Quinnipiac owes more to its Indigenous roots

Melina Khan, Associate News Editor

In 1950, the Junior College of Commerce decided to expand its offerings to include bachelor’s degree programs. In turn, a name change was needed, and administrators asked the student body for ideas.

Pete Moore and William Denison, students of the college at the time, lived on Quinnipiac Avenue in North Haven. The pair decided it would be a good name for the college, especially since the school was situated in Quinnipiac Valley and was once occupied by the Quinnipiac people, Denison said in a video on the university’s YouTube channel.

A year later, the school was officially converted to a four-year college, it was renamed Quinnipiac College per Moore and Denison’s suggestion.

This is a piece of Quinnipiac’s history that is seldom known on campus.

Students who actually know the origin of the word “Quinnipiac” believe our university is named after the tribe. But in fact, it was a suggestion from students based on a street name.

The name showed up on that street sign in the first place because of the Indigenous tribe that once inhabited 300 square miles of land in southern Connecticut, including Hamden. But nowhere on the university’s history webpage does it mention the Quinnipiac people.

The naming of an institution after a historic group of individuals is something that should be done in honor of them, not just because it sounds like a good name for a school.

Today, administration is still falling behind when it comes to honoring the indigeneity of the land we occupy.

Baffling barely begins to describe my sentiment when the university failed to even acknowledge Indigenous Peoples Day on Oct. 11.

While that date has historically been recognized as Columbus Day, colleges around the country have increasingly adapted to celebrating Indigenous Peoples Day instead. Not to mention, most universities have the day off in honor of either of the day’s holidays.

President Joe Biden was also the first U.S. president to acknowledge Indigenous Peoples Day over Columbus Day, proclaiming it a national holiday this year.

Quinnipiac still held classes.

There was not even a social media post in recognition of the day, like there has been for other recent significant dates like LGBTQ+ History Month, Yom Kippur and 9/11.

This is simply inadequate on Quinnipiac’s part. A social media post, which is not difficult to do, would at least be better than nothing. But our school did not do the bare minimum, which is beyond disappointing.

Inaction like this makes it hard to believe the university’s 10-Point Plan to Advance Racial Justice is being acted upon beyond marketing purposes. The plan lists Indigenous recognition as one of its points and didn’t recognize the one day dedicated to Indigenous peoples.

The Indigenous Student Union (ISU), which works to amplify Indigenous voices on campus and highlight Quinnipiac’s Indigenous history, has in my opinion, made more progress than the university itself.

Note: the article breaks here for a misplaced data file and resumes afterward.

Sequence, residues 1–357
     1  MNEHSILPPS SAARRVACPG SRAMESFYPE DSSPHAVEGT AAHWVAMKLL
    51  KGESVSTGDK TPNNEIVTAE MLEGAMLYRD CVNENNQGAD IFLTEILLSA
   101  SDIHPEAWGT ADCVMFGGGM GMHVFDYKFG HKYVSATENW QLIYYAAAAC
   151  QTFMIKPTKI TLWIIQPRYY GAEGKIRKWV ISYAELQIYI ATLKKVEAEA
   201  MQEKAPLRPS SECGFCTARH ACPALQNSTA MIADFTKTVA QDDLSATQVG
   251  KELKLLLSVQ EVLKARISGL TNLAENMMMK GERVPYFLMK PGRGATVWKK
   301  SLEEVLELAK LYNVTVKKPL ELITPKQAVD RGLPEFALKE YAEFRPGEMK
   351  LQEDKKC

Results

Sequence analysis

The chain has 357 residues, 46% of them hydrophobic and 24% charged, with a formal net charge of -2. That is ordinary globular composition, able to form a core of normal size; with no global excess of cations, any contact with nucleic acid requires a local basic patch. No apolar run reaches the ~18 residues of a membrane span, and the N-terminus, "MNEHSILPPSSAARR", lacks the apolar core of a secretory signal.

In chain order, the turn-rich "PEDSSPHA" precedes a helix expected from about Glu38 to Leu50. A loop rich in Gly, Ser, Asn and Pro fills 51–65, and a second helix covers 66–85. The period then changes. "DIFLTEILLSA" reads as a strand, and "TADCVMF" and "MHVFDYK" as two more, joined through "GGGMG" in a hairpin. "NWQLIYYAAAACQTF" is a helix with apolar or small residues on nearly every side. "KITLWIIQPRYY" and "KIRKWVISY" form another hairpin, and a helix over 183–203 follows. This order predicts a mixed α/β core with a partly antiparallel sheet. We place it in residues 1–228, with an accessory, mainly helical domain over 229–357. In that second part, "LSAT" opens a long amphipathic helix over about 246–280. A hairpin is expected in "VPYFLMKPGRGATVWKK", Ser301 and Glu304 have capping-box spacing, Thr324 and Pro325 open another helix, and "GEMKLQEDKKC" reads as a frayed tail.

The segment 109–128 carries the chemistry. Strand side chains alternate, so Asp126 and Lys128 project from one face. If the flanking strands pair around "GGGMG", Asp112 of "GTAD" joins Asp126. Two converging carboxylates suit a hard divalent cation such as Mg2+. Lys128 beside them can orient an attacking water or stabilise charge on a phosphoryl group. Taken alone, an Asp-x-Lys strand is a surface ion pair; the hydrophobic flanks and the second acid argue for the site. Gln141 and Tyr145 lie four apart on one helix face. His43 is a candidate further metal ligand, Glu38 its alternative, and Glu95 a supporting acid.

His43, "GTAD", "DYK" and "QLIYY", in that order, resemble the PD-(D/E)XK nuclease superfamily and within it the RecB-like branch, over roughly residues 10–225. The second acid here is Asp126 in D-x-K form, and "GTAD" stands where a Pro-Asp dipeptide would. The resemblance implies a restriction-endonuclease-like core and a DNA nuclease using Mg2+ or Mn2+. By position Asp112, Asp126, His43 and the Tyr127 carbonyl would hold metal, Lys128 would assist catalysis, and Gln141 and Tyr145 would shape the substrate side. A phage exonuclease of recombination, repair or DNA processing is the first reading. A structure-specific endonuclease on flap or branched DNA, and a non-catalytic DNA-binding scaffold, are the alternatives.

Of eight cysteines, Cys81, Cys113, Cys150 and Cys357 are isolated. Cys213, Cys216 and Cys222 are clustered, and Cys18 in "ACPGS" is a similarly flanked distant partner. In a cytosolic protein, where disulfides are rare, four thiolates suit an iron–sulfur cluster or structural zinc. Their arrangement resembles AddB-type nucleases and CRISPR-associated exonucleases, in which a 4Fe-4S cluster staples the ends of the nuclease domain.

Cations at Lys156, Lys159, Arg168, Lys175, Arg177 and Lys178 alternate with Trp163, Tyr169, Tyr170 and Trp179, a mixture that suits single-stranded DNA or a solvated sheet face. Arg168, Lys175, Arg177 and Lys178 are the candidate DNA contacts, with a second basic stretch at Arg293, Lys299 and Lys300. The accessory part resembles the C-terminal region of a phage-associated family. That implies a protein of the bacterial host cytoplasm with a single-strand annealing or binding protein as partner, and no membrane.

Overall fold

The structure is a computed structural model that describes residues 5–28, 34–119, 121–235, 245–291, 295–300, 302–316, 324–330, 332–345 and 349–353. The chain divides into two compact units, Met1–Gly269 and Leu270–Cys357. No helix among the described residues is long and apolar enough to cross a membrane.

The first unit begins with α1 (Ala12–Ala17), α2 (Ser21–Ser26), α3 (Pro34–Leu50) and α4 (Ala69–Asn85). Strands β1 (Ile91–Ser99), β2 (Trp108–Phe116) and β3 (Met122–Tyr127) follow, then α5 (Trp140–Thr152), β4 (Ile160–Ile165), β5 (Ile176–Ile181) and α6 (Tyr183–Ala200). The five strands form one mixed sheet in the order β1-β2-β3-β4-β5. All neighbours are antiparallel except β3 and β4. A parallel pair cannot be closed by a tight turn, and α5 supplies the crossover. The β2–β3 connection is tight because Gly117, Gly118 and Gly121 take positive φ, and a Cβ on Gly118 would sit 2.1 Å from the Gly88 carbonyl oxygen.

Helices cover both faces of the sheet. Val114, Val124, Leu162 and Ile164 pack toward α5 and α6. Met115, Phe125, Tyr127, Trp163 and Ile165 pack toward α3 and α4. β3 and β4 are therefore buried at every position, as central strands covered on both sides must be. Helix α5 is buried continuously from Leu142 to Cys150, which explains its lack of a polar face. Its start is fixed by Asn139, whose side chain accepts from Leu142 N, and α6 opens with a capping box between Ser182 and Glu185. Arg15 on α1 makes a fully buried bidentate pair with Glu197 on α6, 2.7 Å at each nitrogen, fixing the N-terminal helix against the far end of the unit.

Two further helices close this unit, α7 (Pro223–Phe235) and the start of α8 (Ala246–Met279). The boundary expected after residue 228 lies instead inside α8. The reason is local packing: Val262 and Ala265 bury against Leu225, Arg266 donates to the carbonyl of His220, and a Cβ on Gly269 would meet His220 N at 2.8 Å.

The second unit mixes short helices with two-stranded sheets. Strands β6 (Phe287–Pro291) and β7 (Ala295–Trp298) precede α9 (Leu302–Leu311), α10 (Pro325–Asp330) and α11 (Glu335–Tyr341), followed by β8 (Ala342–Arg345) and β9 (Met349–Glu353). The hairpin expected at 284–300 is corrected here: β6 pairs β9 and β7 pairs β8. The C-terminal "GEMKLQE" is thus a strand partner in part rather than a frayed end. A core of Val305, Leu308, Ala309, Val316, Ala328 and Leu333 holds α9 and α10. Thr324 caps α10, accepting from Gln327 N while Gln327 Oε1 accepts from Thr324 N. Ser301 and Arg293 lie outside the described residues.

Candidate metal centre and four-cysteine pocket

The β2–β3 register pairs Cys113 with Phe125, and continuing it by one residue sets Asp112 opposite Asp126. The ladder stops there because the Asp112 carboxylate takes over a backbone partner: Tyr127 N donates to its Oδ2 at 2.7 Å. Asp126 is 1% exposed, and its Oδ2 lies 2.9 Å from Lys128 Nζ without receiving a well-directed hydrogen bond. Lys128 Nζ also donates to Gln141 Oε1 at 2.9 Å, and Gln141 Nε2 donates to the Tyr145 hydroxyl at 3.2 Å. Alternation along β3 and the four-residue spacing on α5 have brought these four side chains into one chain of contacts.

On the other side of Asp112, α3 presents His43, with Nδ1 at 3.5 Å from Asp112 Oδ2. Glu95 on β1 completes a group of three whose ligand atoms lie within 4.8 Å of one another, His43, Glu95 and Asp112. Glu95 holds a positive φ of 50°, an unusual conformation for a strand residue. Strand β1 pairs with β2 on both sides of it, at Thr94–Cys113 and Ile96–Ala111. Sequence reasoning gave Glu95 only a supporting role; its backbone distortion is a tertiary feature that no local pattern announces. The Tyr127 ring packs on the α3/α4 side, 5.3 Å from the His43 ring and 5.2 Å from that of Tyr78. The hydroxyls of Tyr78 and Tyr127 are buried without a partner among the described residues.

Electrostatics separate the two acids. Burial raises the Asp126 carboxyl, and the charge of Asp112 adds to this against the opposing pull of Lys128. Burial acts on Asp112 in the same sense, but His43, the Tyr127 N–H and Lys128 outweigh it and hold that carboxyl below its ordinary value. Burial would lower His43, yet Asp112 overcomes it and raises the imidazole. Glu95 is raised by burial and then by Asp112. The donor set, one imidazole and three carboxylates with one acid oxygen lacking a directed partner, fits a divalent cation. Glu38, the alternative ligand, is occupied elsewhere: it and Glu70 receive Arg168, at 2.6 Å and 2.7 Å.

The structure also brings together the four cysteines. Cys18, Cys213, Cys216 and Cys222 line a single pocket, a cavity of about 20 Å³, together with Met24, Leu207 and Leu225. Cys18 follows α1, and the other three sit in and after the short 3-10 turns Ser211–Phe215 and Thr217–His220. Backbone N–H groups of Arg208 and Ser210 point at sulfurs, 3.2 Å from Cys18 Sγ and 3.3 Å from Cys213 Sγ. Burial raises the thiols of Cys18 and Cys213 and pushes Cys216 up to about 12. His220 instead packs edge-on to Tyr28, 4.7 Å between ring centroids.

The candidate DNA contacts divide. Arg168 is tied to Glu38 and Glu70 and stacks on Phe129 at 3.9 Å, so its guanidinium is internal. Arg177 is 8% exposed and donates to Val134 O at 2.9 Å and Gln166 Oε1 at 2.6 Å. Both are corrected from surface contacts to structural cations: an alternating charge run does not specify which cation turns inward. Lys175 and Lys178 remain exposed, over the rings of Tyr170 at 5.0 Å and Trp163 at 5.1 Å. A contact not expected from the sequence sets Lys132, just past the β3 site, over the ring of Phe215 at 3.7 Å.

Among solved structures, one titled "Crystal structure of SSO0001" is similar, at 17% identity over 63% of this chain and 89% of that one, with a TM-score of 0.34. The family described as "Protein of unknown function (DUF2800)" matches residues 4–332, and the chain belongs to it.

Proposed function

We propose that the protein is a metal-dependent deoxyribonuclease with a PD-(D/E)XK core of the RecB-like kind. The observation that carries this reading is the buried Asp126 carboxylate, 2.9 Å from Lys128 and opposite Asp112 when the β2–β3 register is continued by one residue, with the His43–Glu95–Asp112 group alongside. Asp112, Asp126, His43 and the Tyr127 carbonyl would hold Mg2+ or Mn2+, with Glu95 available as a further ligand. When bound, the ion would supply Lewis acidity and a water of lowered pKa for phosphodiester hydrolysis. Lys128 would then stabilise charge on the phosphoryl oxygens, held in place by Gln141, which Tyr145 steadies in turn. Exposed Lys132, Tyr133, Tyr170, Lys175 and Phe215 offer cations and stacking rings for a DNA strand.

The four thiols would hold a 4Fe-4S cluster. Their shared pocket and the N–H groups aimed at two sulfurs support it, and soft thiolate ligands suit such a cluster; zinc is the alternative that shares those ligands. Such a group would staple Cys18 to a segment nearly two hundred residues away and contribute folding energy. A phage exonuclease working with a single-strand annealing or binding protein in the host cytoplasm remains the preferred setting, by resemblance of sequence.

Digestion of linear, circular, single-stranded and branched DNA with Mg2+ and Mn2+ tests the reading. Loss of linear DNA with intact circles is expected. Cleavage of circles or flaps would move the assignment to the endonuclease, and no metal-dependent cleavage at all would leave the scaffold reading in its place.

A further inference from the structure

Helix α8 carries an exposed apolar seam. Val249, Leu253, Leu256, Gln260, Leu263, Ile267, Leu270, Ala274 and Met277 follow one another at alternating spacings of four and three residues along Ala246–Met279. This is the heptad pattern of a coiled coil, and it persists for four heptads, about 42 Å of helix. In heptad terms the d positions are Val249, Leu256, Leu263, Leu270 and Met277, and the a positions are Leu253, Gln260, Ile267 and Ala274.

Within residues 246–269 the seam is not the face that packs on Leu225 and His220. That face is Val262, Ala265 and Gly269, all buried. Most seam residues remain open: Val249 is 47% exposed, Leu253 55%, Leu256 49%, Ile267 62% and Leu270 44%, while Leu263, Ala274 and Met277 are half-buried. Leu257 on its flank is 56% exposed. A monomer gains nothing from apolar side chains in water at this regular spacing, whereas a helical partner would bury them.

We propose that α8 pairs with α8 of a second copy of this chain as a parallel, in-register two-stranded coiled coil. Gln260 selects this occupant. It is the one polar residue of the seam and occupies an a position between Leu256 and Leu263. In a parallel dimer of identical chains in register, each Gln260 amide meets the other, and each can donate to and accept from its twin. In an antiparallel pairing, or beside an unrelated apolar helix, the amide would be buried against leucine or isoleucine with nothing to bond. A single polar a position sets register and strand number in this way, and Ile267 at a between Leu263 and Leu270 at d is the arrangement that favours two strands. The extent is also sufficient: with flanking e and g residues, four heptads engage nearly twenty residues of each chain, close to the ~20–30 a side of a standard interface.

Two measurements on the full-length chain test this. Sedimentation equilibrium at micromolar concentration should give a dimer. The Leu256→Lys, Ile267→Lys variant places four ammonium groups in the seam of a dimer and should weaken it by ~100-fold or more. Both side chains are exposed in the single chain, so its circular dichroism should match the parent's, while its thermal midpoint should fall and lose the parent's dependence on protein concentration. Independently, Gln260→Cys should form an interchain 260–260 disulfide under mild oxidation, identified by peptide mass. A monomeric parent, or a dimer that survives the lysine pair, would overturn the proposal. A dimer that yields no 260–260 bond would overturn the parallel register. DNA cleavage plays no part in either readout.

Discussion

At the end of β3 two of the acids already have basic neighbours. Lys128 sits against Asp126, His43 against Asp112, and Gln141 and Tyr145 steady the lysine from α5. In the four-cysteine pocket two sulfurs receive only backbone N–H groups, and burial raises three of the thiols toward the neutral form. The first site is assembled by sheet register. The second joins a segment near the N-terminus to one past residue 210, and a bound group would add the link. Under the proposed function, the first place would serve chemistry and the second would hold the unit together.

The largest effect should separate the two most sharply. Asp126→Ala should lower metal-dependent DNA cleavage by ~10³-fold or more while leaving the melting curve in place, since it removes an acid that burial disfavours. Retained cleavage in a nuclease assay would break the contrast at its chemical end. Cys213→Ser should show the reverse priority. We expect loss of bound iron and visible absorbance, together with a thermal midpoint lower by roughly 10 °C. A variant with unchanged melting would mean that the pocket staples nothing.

(O)ur school did not do the bare minimum, which is beyond disappointing.

— Melina Khan, associate news editor

The organization has hosted educational and powerful events for students to understand the Quinnipiac tribe and other Indigenous people. Its vice president, Gabriella Colello, is making great strides in creating an Indigenous studies minor. It was even named Judith Frank Organization of the Year last year.

In an email statement to The Chronicle, ISU said it is “disappointed but not surprised” at the university’s actions.

“As an institution that profits off an Indigenous name, sits upon Indigenous land, and has pledged (from a marketing perspective) to fulfill a commitment to the Indigeneity Initiative through its ten-point plan for ‘Inclusive Excellence,’ we feel that an acknowledging Indigenous Peoples Day would have been a no-brainer, baseline level of support,” ISU said.

The ISU added that it “heard the administration’s silent answer, loud and clear.”

A silent yet powerful answer is the most accurate way to put it. Quinnipiac’s lack of an acknowledgement of Indigenous Peoples Day is the culmination of my discontent in the university’s diversity inaction. It is incredibly disappointing to pay tuition at a school that does not recognize the origin of not only its name but also the land it occupies.

As students, we must first educate ourselves. Knowing the history of our university, from its origins as a junior college to the way it got its name, is important. From the day the university acquired the Quinnipiac name, it did not do so in an honorable way, but rather an appropriative one.

When you see the name Quinnipiac, understand that it represents a diverse history, and a group of people who were forced off this land hundreds of years ago. When you attend class, hang out in your dorm or hike in Sleeping Giant State Park, keep in mind that the land you are doing it on is not just Quinnipiac University’s land. It is also the Quinnipiac tribe’s land.

As for the Quinnipiac administration, my hope is that it will one day do the bare minimum of acknowledging and honoring the day the way it should, even if it isn’t a university holiday.

I hope that one day the university will acknowledge how it gained its name — that it was per student suggestion and not for historical significance.

I hope that one day the administration will begin to truly understand its obligation as an institution that holds a great deal of power, and reflect that in its actions. I remain optimistic that progress will be made in its biannual Equity and Inclusion Report.

But also, my expectation is that the university will choose to progress in its acknowledgement of the indigeneity of this land, not only from a marketing perspective, but a genuine one.